Forbidden Island is a cooperative board game for 2 to 4 players from the creator of Pandemic. Players are explorers looking for treasure on a sinking island. The goal of the game is to retrieve the four treasures scattered around the isle and get back to the helicopter to fly away.
Ranked in these QuestionsQuestion Ranking
Pro Very accessible
Forbidden Island can be taught within a few minutes to absolutely anyone. It starts off slow and progressively leads into more complicated situations, so there’s time to get into the feel of the game. You only need to know how to do four actions, and the result of them is instantly visible, there’s pretty much nothing to micromanage.
The game retails for around $15, which is very cheap for the replay value and quality of the components that this game packs.
Pro Great physical components
The components of Forbidden Island are not only visually beautiful, but also durable, so they should hold up to wear and tear just fine. The game comes in a high-quality tin box and is full of thick and sturdy island tiles, durable cardstock cards, and eight treasure figures made of soft plastic.
Pro Beautiful artwork
The game looks amazing, it’s full of colorful high-quality artwork that really enhances the theme of treasure hunting on a mysterious island. The game’s box already gives a great first impression, featuring a big copy of the “Lighthouse” location tile. These locations that form the island have a huge variety of detailed and great-looking art on them.
On a design note, it is also very well done in the sense that it’s easy to distinguish which tiles are sinking, even in the blue-ish looking locations.
The rules of Forbidden Island are straightforward. After setting up the map and choosing the difficulty, you are randomly assigned one of the six different classes. During your turn you can take up to three actions in total. All actions cost 1 point, you can move, shore up a drowning tile, give a treasure card to another player on the same tile, or collect a treasure. After that you draw two cards from the treasure card deck and take a number of flood cards equivalent to the water level.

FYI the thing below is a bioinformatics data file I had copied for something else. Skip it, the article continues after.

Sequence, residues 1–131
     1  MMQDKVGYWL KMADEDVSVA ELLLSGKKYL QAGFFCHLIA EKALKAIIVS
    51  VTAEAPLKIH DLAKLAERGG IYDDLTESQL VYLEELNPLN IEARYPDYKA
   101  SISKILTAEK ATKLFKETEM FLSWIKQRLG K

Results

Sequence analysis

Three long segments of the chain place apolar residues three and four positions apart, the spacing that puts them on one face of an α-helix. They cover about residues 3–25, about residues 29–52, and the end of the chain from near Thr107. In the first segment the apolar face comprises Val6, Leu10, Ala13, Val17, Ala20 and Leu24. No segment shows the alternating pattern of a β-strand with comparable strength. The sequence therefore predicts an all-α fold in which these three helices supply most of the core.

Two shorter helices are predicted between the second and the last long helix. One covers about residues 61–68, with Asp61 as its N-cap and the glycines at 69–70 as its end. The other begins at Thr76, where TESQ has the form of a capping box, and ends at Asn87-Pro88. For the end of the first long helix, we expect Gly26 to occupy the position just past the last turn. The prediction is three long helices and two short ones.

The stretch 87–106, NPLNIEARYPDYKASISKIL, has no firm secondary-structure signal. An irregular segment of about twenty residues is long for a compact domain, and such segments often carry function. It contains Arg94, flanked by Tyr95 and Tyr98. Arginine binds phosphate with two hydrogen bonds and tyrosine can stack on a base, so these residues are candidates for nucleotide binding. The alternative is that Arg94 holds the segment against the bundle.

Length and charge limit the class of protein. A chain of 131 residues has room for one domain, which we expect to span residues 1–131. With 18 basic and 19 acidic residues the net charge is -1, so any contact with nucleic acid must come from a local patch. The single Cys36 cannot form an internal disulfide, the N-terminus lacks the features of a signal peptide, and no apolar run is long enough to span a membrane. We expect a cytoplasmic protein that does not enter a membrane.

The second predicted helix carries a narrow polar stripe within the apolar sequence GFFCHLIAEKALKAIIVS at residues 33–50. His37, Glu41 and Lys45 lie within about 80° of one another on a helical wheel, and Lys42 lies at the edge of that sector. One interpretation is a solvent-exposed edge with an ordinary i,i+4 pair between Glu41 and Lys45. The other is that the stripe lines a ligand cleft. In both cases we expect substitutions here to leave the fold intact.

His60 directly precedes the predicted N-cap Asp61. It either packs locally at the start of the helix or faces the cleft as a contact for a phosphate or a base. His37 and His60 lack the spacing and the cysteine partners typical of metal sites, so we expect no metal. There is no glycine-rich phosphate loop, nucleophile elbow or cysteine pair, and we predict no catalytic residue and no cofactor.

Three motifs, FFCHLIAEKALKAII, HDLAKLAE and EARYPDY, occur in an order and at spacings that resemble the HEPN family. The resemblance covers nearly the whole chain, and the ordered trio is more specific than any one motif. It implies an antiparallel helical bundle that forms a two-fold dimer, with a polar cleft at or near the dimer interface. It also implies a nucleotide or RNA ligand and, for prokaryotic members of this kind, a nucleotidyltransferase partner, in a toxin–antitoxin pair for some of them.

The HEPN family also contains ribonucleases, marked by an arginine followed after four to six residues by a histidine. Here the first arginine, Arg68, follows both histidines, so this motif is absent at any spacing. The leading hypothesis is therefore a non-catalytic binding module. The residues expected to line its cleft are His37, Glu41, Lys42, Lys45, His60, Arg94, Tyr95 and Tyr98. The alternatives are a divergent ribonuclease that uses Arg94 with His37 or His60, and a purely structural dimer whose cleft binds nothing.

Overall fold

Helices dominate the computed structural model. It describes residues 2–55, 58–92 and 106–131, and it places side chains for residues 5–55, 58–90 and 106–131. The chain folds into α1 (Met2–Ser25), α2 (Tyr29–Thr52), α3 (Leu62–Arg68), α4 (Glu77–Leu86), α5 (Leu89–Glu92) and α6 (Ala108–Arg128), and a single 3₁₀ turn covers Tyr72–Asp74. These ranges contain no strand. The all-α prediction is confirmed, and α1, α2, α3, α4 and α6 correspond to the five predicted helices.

The game is won when you play a “Helicopter lift” card on the “Fool’s Landing” tile while you have all players on it and you’ve uncovered all the treasures. There are many lose conditions – you can lose if the water level reaches the highest mark, if both the tiles housing the same treasure drown before you manage to get it, if the “Fool’s Landing” tile drowns, or if a player drowns.
Pro Varying difficulty
Forbidden Island lets you adjust the difficulty, which is great because you can adjust to the group you’re playing, be it a group of experienced gamers or your family. This is done by moving the slider on the water level meter to one of the four sections. Basically, you start with a higher initial water level.
Pro Good replayability
There are many variables to Forbidden Island that keeps it replayable. The cards you draw and the map you create will always vary and the fact that you get a random class makes the game feel different every time.
The six classes have highly different abilities, for example, the pilot can use an action point to fly to any tile on the island, the messenger can give treasure cards to another player anywhere on the map, and the engineer can shore up two tiles on the same turn for one action point.
Con Quarterbacking / alpha-gamer issue
Forbidden Island suffers from the same issue as many cooperative games – a dominant player might make decisions for everyone. Table talk is absolutely necessary in this game to win, and the fact that everyone’s cards are visible, and the discard pile can be looked through doesn’t help the problem.
Con Many luck elements
Pretty much everything that happens in this game revolves around the cards that are drawn. The map itself is set up by drawing tiles, so you can get very unlucky with the placement of the “Fool’s Landing” tile and the distance to the treasure locations you need to reach in order to win. You can also get unlucky with the treasure card deck that has some “Water Rising” cards shuffled in between – if you draw a few of these in quick succession, you might make important locations sink and lose straightaway.
Con Possibly too light for experienced gamers
The game is very similar to Pandemic, but much easier in the sense that it sacrifices many concepts in favor of accessibility. Due to this Forbidden Island might feel repetitive, simplistic, and not very complex to a more experienced gamer because there are not as many strategic possibilities.